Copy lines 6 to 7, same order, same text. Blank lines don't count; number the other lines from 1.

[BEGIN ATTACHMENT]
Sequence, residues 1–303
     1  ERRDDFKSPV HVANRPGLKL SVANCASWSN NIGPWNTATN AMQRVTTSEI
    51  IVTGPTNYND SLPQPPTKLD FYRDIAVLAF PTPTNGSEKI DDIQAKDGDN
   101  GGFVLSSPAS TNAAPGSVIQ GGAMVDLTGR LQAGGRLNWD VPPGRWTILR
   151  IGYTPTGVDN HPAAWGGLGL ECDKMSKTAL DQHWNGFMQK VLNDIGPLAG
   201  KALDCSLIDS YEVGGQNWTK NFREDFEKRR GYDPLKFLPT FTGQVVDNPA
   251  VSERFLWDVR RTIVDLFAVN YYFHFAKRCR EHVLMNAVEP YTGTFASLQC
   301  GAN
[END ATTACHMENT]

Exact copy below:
   201  KALDCSLIDS YEVGGQNWTK NFREDFEKRR GYDPLKFLPT FTGQVVDNPA
   251  VSERFLWDVR RTIVDLFAVN YYFHFAKRCR EHVLMNAVEP YTGTFASLQC